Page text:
In truth most people don’t really think about knife ‘skills’ – instead it’s assumed to be pretty straightforward. To quote Jeremy Clarkson of Top Gear fame, ‘how hard can it be?’.
But if you want to get really good in the kitchen or if you want to pursue a career as a chef, you need a few knife skills. It also doesn’t harm if you’re not bothered by either of these things as it will help you avoid injuring yourself with a knife in the kitchen.
This short article does not deal with all the different ways you can chop things up – we covered that in some detail in this article – Ten ways to cut it with your kitchen knives – way back in 2014, and things don’t change that quickly in the world of culinary skills, at least when it comes to knife skills, so we don’t think it’ll need updating any time soon.
Essential knife skills encompass a few important things, and some techniques to both avoid injury and to speed up your kitchen work. You may have the luxury of taking your time to prep food most of the time, but it’s good to know that if you have to up your chopping speed, you can do it without risking your fingers!
So without further ado, here are the main skills you need to master (in order, sort of)…
- Planning your approach to what you need to do
- Stop your chopping board from slipping
- Choosing the right knife for the job
- Checking your knife is sharp
- How to hold your knife correctly
- What to do with your other hand
- Cleaning up afterwards
1) Planning your approach to what you need to do
The French (who invented most of this stuff anyway) have a term for this – ‘mise en place’. This literally means putting everything in its right place before starting, ie preparation (or ‘prep’). It also technically covers all the steps before the actual cooking/food preparation and the clean up afterwards. Thinking ahead about how you’re going chop up all the ingredients that need to be chopped up is an important part of mise en place.
2) Stop your chopping board from slipping
You don’t want to be chopping things up while your surface is slip sliding around underneath you. If the chopping board is on a wet surface, it’s a good idea to put a tea towel or other cloth underneath to stop the slip factor. (Want to know which type of chopping board to get? Check this article)
3) Choosing the right knife for the job
You could – conceivably – do all your kitchen knife work with one knife. As long as it’s not too big or not too small. In practice it’s a good idea to use different knives for different jobs – small knives for delicate small-scale work and larger ones for the bigger jobs. The consensus in the culinary world is that there are just four knives you need… 1) a paring knife 2) a boning knife 3) a chef’s knife and 4) a serrated knife (see our article on this here). If you’re going to leave out one, the boning knife can go, the others are pretty much essential.
4) Check your knife is sharp
Did you know that using a blunt knife is more dangerous than using a sharp one? Read this article to find out why. And read this one for a variety of ways to test how sharp your knife is. If it fails the test, we recommend sharpening on a good electric knife sharpener (and we can recommend one of these!).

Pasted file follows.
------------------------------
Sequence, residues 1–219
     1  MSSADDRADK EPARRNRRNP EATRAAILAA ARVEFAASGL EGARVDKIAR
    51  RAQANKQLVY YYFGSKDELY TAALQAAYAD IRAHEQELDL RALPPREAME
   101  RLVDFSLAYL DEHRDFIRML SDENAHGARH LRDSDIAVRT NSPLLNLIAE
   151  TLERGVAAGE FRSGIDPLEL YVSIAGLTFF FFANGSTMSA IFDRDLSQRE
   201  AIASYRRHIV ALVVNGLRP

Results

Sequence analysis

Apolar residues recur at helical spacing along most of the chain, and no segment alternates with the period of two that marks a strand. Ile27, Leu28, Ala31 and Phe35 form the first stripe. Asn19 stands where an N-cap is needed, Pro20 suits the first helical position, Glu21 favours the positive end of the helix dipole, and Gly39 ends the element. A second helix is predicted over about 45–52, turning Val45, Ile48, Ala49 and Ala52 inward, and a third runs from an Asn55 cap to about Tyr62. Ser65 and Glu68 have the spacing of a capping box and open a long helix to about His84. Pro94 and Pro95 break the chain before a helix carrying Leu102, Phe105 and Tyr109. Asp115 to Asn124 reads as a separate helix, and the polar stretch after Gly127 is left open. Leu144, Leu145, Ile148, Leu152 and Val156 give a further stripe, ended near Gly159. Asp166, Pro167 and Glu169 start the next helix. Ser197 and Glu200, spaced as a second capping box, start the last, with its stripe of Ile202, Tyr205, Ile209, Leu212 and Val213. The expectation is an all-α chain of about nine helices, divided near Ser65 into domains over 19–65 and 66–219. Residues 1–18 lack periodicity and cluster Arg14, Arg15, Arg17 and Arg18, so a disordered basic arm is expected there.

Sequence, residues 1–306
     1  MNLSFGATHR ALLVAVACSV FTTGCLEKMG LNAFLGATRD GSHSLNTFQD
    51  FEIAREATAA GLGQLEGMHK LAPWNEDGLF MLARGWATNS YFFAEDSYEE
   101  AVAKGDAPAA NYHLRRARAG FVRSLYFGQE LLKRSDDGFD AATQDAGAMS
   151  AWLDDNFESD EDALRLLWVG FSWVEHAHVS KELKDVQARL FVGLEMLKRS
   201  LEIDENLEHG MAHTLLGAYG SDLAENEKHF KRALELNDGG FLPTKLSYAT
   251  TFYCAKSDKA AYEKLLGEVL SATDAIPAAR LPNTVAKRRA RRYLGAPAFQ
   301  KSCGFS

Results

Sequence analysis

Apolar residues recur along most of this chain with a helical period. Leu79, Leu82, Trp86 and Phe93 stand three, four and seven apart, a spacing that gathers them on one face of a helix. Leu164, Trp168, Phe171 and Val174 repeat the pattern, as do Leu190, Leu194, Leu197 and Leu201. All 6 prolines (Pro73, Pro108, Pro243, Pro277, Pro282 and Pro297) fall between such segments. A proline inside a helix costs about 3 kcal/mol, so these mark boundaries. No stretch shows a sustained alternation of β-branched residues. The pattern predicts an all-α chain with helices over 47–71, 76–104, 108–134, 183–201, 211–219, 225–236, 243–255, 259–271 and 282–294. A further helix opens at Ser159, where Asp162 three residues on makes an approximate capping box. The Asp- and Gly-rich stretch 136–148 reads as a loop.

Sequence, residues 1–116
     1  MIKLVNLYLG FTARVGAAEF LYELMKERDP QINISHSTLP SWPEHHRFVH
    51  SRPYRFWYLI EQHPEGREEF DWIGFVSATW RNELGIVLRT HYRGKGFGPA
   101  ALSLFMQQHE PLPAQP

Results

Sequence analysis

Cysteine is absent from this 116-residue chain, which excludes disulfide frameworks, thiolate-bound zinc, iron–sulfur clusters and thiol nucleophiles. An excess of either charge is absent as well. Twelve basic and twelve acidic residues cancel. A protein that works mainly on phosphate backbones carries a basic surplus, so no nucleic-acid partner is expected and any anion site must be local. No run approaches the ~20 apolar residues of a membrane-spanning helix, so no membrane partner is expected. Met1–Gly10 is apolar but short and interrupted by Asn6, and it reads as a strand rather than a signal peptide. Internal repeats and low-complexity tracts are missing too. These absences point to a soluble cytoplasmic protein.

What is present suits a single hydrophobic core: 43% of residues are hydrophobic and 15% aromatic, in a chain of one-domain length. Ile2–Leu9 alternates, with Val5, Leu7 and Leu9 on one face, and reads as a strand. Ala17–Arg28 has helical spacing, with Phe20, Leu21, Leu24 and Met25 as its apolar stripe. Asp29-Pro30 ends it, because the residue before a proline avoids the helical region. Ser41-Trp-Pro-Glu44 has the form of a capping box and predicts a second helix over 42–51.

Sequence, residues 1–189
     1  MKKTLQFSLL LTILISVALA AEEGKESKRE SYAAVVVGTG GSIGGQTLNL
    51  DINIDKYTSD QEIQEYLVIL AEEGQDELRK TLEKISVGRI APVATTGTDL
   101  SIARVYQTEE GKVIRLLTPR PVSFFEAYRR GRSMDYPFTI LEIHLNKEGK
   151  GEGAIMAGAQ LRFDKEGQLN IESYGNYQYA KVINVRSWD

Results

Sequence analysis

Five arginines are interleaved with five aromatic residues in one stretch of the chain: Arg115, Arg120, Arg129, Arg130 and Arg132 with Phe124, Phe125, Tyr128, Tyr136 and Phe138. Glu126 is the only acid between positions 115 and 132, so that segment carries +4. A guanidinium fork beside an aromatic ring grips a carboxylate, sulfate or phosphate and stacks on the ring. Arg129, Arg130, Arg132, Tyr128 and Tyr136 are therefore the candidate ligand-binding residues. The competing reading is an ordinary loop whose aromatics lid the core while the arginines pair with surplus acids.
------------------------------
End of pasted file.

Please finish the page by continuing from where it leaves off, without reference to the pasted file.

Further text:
5) How to hold your knife correctly
Most people simply grasp the handle and start. This isn’t the right way to do it. The right way is to position your hand at the part of the handle that is closest to the blade, with your thumb and your index finger gripping the top of the blade (clearly not the sharp bit) – just like the main image above. This gives you much better control of the knife when cutting/chopping. The term used in the culinary world for this grip is ‘choke up’ – it has nothing to do with strangling anyone.
6) What to do with your other hand
Unless you’re a real knife genius, you’ll generally need to hold whatever it is you’re cutting with your other hand. There are a few ways to do this to make sure you get a good result without injuring yourself. The main techniques are…
This is where you form a ‘bridge’ with your fingers holding what is being cut, allowing the blade to pass under the bridge. Repeat as necessary until you’ve finished.
To make multiple slices in, for example, an onion, your other hand should be positioned so that your grip looks like a claw, with fingers (and thumb) holding the item curled away from the path of the blade. This stops accidental chopping of fingers as well.
The cross chop
If you need to mince or chop whatever it is into smaller/finer pieces, a good way to do this is the ‘cross chop’ – with this method you place your other hand firmly on top of the blade at the pointy end and in a guillotine-like action bring the blade down onto whatever you’re chopping keeping the point of the blade on the chopping board.
7) Cleaning up afterwards
This may seem like it doesn’t belong in this list but it does! To maintain the sharpness of your knives, it’s important to clean and dry them as soon as possible after you have finished. Also, leaving sharp knives lying around on surfaces in a busy kitchen is a recipe for foot – and other – injuries. So putting them safely away is important!
Have we missed anything here? Let us know if there’s anything you’d add or change to these skills.